Between the worst bushfire season ever, a pandemic sweeping the world, and long-overdue widespread focus on systemic racism worldwide, 2020 turned into an entirely different year than any of us were expecting.
Who else had to pivot in a hurry into remote-schooling superparent? (I discovered that it was easier to get my 8yo to learn to clean the toilet than do schoolwork!) Maybe you had to think triple-time and act even faster to bring your business/service/ministry online while also figuring out what you needed to change up to serve your people in these times of crisis and trauma? Maybe you've been confronted with the lack of people of colour or women in your workplaces or hobby groups and communities - and you've started asking why.
Maybe 2020 isn't the year of perfect vision. Maybe it's the year the scales fall off and we start seeing more clearly.
I took action this year to upskill in trauma (have you noticed the new branding and certification badge in the footer below?). It was already in my plan for 2020, so it's not a massive change, but when the madness hit? From the 2019-2020 fire season (and who knows what the next one will be like) and now Covid-19 affecting the world through economic shutdown, personal distancing and disconnection, and the death, grief and loss that has sprung out from that. And then the ongoing brutality against women shut behind doors and our men and women of colour...
Our world is hurting, folks. Our communities are full of people who have received blow after blow after blow, and some of them are struggling to keep their hold on themselves, their families, their livelihoods and their hearts.
So here are some tools to help - to start with.
The MOST IMPORTANT THING? It's so simple you're going to want to hit me. But it really is. It's your breathing. Slow your breathing down for a couple of minutes every couple of hours in your day. Expand your ribcage (think the WonderWoman pose but put your fists on your ribs instead of your hips).
Chronic stress and trauma affect the subconscious structures of our brains, making us more sensitive to threat and negative thoughts and experiences. (I'm particularly thinking here of the amygdala, the "smoke detector" of the brain. In stress and trauma it's ready to go off at the slightest whiff.) The problem is, these areas are subconscious - meaning they exist and work beyond our conscious control. Therefore it doesn't matter how much you think about it or how much positivity you try to thrust into your brain - it doesn't change the way those structures work.
Unless you also are making full use of the brain-body connection, and pushing the body relaxation connection upward, back into the brain, and you start doing that first. When your body relaxes, it sends signals back up into your amygdala, telling it to chill. Then, over time, it can combine with the thought-based encouragements you want to give yourself, and make your brain's threat detectors less twitchy and help you feel more relaxed and in control of yourself.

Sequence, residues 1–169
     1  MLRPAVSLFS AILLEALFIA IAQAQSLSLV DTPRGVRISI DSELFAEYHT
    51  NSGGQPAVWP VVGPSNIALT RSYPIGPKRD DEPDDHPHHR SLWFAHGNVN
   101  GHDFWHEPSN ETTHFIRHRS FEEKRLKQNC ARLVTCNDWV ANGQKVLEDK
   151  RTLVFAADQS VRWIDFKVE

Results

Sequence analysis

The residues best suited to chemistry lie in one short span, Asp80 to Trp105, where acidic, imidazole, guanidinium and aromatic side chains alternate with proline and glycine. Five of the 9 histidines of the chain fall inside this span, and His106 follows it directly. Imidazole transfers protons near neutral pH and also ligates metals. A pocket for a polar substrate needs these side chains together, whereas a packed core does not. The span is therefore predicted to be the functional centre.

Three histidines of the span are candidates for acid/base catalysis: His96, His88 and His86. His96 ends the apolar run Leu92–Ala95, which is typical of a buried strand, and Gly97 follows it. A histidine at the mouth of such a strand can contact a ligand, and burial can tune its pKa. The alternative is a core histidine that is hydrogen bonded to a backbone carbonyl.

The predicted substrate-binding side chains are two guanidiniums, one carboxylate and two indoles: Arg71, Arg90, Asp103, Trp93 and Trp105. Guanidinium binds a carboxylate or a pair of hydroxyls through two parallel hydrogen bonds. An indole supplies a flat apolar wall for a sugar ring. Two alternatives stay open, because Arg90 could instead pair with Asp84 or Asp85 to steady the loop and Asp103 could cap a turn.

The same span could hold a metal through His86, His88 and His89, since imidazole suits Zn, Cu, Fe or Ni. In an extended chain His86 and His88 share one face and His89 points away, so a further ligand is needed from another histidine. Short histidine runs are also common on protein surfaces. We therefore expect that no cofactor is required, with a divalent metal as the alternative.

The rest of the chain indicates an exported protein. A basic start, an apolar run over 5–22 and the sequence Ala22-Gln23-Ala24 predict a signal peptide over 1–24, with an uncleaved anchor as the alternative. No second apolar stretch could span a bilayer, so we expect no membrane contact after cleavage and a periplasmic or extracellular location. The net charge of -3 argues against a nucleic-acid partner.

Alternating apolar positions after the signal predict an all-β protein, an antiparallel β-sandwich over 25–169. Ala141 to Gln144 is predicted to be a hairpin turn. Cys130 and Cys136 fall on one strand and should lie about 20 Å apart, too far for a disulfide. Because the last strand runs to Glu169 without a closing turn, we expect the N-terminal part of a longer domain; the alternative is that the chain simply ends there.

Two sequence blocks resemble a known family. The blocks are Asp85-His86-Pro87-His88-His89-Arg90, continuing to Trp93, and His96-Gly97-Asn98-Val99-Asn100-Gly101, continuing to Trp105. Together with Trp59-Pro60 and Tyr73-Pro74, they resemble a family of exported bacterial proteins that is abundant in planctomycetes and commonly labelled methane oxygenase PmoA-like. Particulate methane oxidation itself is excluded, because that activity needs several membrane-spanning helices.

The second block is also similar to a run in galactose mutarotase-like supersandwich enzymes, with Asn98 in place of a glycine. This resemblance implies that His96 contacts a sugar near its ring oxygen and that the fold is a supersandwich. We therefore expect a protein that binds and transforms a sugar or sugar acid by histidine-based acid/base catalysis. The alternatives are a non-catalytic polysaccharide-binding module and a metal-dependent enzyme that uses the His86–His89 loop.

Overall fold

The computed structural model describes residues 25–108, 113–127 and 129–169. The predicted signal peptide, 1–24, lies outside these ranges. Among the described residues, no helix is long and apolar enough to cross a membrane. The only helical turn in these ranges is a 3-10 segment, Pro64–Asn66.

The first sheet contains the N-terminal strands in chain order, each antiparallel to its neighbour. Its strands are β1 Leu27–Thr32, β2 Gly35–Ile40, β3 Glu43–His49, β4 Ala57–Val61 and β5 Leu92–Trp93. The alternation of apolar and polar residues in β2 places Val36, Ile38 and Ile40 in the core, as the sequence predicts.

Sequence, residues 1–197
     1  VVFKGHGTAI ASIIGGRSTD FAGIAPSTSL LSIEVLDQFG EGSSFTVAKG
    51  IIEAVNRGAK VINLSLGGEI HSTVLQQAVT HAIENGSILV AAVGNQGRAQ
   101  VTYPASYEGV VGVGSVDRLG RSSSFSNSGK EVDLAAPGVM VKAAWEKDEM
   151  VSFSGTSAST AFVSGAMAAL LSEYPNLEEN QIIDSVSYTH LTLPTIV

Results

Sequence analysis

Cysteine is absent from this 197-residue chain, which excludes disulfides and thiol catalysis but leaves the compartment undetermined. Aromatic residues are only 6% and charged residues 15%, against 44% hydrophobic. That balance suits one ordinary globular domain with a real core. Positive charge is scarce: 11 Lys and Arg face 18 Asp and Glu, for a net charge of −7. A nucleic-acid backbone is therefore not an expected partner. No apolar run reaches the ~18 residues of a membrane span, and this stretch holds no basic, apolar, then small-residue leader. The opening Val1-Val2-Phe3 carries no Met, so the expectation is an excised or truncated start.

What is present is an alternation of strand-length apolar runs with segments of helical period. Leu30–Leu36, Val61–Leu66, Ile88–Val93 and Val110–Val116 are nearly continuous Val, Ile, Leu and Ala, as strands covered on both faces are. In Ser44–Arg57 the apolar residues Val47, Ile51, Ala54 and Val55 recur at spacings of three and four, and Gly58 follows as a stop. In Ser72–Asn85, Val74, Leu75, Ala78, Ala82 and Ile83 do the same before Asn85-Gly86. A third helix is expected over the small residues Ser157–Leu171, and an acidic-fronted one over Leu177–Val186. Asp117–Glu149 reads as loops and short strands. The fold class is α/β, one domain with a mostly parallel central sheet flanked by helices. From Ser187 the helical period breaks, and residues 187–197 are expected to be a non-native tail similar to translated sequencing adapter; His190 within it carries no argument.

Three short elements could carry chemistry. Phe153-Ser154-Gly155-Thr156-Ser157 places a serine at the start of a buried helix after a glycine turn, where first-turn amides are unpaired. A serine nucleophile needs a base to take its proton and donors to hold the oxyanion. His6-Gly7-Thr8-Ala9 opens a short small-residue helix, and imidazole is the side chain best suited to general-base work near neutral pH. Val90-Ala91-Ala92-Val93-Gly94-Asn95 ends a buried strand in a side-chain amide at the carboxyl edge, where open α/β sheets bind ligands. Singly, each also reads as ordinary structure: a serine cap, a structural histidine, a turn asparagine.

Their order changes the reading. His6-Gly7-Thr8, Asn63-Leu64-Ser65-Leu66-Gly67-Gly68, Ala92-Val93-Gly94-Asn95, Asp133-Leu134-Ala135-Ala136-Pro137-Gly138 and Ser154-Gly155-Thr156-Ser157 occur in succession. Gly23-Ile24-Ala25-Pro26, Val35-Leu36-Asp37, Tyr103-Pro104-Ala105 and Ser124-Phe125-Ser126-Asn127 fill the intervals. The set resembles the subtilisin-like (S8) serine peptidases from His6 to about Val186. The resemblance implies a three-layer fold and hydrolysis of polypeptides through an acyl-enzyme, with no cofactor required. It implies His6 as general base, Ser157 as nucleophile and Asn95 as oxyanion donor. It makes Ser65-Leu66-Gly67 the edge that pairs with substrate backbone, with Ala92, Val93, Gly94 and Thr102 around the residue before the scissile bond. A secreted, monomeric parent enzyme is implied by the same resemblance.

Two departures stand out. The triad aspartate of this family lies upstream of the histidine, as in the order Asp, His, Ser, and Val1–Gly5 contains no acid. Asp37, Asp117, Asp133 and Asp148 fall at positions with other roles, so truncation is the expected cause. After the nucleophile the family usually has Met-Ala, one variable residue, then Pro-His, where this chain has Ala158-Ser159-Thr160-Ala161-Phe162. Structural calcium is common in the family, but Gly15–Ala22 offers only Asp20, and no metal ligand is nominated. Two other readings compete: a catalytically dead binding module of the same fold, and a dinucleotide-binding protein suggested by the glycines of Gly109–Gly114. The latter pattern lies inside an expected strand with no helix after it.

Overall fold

Of course, this is only a tiny part of the dealing-with-trauma story - but it's the first place to start.
Want other resources?
Generally, there's a whole lot of stuff on my FB page - Grace, Grit and Recovery with Krystyna Kidson. (Notice the rename? You can still tag me with @ThePsychologistCoach though.) I'd suggest you start with the series I did for Mental Health Month last year and check out the FB live series I did when the pandemic started picking up pace.
If you're struggling with climate related trauma or conflict personally or the people you serve are, then you're welcome to join us over at the Climate Pastoral Care Conference: Christian training in Care, Communication & Action. I'm going to be leading folks through a special experiential workshop: 20 minutes and 5 questions: Truly all you need to have a transformative, therapeutic, Spirit-centred, climate-related conversation. (And no, you don't have to be a Christian to get the full therapeutic benefit either.)
You can check out the full program or book tickets here.
And for those of you in ministry, you might like these videos from the Baptist Association of NSW and ACT Churches, who interviewed me for some explicitly Christian mental health pandemic tips. They're generally between 2-5min long, so feel free to dip in and use and rewatch as needed.
For general tips around understanding and managing stress, grief and anxiety at the moment:
For leaders who are tired and depleted from the ongoing push:
For those who are managing chronic illness and social isolation:
For mothers who may still be needing to manage remote schooling (and maybe with remote work as well):
And thoughts for the church as we look to reopen and reenter life and ministry in a post-covid world".
Check them out and get in touch if you've got any questions.